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Family of Choice

March 28, 2012

A friend and I were trading histories, sharing stories.  I told her how my family is a little short on blood relations, by the usual reckoning.  Many cruxes and joins of the tree have been made by deliberate choosing.  There once was a family gathering, what we consider close relations, of probably a dozen people with only 2 genetic connections.  The friend was curious.  So I went on to explain about 4 adopted children, another who wasn’t even legally adopted but taken along to cook for the field hands, and of course the marriages.  After I had finished the story of my family, the friend asked if I’d ever written about it.  I hadn’t, thinking that everyone has a family, so why would anyone care to read about mine.  But she was on to something.  Something others in any of a variety of blended families might like to hear.  How adopted children grew up knowing that this is their real family and the biological child never noticed that we don’t even look alike.

The first choice ~that I am aware of~ was 3 generations ago.  A couple went to an orphanage and adopted a baby boy, Ralph.  They graciously offered to take an older girl, Esther, as well.  She would be their servant.  She knew that she had another family, brothers and sisters, but little Ralph didn’t understand such things.  She was his big sister, simple as that.  They grew up and married, Ralph to Gertrude and Esther to Joe.  Joe was my mother’s uncle.  So Esther became my mother’s aunt.  When Ralph and Gertrude had a son, John, he was in everyone’s eyes and heart, Esther’s nephew.  Obviously my mother’s cousin.  Esther and Joe had no children and were very much a part of my mother’s growing up, she an only child.  Her own mother died when she was 21.  My mother, Margaret, married Herb and after some time without the arrival of children, they adopted a girl and later a boy.  From the time they could understand it, they knew they were adopted.  It’s no shameful secret.  That meant that their birth parents had made the very difficult decision that they would be better off with someone else.  Those someones-else went through a rigorous process and paid fees and waited and waited for their children to come home.  My brother would even tell people that he was “bought in Chicago.”  My mother was mortified.  I think it only shows that even as a little tyke, he understood his worth.  He never doubted that he was wanted.  Nor did my sister.  When I came along some years later, it was quite the surprise to everyone.  And from the time I was old enough to understand it, I knew that Mom & Dad had gone to great lengths to bring Bonnie and Brian into our family.  Not so much me.  But they all loved me nonetheless!

Here is the 1st lesson: I had a friend who was adopted, then her parents birthed a son.  They let her feel like a placeholder, 2nd chair to their own child.  I saw that little girl’s broken heart turn to one of stone as she became a teenager.  She went down a dark road and I’m afraid she never got over it.  Her family could have been so much like mine.  I didn’t understand why she wasn’t equally treasured.

But our story doesn’t end here.  Cousin John married Anna (who, I just have to say, is the most optimistic, positive-outlooking person I have the pleasure of calling kin).  Because of a known heritable disease in her family, they chose to adopt their son, W.R.  Being the son of my mother’s cousin, he would certainly be my cousin, right? 2nd or once-removed or somesuch, but family.  Growing up, he about five years older than I, we didn’t know the backstory on Aunt Oie (my mother couldn’t say “Esther” when she was small ~which, by the way, is Eh’ ster, no ‘th’ sound) and his Grandpa Ralph.  They seemed like siblings to us.  Being family, we all got together regularly, more often than friends who just can’t quite seem to find the time.  Remember, my mother was an only child; her mother’s only sibling had no children; I believe her father’s brother and sister had no children.  That is one barren family tree, folks.  So we graft with love and thank God for every branch.  In college, I even found a cousin who is the grandson of Aunt Oie’s biological sister!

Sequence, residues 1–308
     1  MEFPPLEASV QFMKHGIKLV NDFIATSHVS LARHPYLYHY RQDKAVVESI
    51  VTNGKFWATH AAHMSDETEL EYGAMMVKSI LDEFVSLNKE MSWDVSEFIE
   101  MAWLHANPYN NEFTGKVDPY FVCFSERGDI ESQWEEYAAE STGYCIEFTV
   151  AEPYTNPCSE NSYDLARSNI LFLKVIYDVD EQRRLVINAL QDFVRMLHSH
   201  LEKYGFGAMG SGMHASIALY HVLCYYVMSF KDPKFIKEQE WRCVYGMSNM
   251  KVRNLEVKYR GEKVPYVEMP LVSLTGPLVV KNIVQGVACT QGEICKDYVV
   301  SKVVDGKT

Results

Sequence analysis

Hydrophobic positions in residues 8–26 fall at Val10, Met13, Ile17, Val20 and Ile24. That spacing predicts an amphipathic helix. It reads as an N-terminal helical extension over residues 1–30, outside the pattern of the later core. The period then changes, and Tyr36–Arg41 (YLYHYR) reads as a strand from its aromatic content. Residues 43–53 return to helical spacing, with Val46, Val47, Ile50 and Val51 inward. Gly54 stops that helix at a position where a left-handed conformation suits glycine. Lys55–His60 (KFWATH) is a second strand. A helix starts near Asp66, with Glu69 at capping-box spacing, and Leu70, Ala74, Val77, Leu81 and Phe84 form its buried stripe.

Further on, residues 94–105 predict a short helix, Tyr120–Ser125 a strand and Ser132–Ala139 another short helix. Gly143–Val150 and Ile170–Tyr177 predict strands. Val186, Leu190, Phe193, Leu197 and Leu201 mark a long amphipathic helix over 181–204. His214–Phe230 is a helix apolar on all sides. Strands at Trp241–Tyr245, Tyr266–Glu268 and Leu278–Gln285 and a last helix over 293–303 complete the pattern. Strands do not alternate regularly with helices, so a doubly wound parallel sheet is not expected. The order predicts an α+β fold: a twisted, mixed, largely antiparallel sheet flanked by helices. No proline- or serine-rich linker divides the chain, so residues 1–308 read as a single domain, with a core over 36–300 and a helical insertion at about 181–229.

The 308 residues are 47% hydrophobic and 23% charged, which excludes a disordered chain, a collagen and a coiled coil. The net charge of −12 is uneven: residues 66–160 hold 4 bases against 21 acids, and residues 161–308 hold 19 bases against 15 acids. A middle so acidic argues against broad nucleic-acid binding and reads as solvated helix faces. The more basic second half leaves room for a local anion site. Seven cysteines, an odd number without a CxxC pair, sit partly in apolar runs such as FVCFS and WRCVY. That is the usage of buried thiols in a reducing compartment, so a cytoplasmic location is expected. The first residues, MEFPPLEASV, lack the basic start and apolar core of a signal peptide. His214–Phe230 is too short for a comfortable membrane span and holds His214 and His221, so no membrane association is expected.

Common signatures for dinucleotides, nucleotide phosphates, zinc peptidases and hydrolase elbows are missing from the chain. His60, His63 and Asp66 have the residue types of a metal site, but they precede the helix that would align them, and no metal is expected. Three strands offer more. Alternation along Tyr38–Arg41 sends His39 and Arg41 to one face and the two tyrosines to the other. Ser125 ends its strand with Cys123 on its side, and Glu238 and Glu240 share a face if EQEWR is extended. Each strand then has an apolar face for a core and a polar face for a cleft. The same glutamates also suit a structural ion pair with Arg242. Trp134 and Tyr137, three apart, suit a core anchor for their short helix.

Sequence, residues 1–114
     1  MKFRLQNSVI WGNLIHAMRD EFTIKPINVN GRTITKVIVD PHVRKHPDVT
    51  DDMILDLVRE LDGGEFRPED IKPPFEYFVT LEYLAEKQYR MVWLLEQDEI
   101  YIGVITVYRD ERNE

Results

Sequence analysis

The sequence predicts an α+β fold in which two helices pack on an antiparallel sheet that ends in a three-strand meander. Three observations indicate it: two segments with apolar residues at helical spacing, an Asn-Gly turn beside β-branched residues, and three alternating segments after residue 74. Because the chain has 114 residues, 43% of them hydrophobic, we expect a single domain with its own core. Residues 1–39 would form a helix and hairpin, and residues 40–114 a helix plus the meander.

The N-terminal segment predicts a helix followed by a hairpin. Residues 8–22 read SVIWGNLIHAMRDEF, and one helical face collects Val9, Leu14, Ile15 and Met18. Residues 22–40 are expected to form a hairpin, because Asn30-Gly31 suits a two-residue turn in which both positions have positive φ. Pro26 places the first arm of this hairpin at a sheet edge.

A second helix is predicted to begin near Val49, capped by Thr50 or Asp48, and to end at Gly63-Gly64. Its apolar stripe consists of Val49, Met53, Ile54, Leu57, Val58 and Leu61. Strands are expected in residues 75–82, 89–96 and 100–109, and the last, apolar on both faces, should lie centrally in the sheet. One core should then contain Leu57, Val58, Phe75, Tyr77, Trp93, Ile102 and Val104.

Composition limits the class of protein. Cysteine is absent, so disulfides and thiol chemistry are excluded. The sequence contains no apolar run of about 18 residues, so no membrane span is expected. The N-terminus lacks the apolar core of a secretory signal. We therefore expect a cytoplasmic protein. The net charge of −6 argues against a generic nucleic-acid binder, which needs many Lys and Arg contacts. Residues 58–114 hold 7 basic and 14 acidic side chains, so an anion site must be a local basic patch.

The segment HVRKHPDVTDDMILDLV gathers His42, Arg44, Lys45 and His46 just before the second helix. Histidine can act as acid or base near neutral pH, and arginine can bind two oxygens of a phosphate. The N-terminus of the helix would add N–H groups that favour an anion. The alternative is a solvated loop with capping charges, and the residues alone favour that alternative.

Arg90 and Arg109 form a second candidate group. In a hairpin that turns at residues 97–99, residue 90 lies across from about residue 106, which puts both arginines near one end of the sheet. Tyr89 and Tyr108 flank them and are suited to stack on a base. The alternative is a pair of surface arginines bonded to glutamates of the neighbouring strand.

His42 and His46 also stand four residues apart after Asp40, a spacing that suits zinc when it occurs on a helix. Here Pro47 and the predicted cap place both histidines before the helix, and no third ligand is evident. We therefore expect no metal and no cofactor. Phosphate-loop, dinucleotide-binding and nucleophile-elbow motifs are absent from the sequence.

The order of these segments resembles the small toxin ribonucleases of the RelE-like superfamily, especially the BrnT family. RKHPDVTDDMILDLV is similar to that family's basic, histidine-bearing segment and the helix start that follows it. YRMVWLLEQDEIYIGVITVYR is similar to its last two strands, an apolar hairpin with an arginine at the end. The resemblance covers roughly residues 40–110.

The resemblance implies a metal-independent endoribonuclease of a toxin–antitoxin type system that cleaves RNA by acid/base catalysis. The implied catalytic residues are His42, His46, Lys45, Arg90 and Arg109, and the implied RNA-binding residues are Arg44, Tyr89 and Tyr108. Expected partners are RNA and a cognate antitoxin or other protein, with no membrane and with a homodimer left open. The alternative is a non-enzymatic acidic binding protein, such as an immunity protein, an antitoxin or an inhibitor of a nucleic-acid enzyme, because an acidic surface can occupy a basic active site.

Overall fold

Here is the 2nd lesson:  Love is a choice and one thing that holds family together; it’s even sweeter when it’s the only thing.

6 Comments leave one →
  1. March 28, 2012 16:43

    You probably knew I would like this story. Good job!

  2. blucascpa permalink
    March 28, 2012 17:49

    Thank you for the wonderful story of family and the part that I have in it!

  3. Kathy Holman permalink
    March 28, 2012 18:02

    Thank you for sharing. A great entry in your blog.

  4. Eleanore Gigandet permalink
    March 28, 2012 18:26

    It took me 3 reads to figure it all out, but I finally ‘got it’… and it’s quite amazing! Thank you!

  5. Laura permalink
    March 29, 2012 13:58

    First, I never knew Aunt Oie’s real name ,LOL. More importantly, what a wonderful tribute to your family. Growing up, I always knew the 3 of you were equally loved by your parents, even though B&B had left the nest. Your parents had a whole bunch of unofficially adopted kids too. Even though I am blessed to have wonderful parents of my own, it never hurt to have an extra set! Thanks for sharing your family with me.

  6. May 29, 2012 00:23

    Wow sis!!! I just saw this. Great writing (although I don’t ever remember saying that I was bought in Chicago). I do feel lucky to know that I was wanted and to have such a terrific sister as you.

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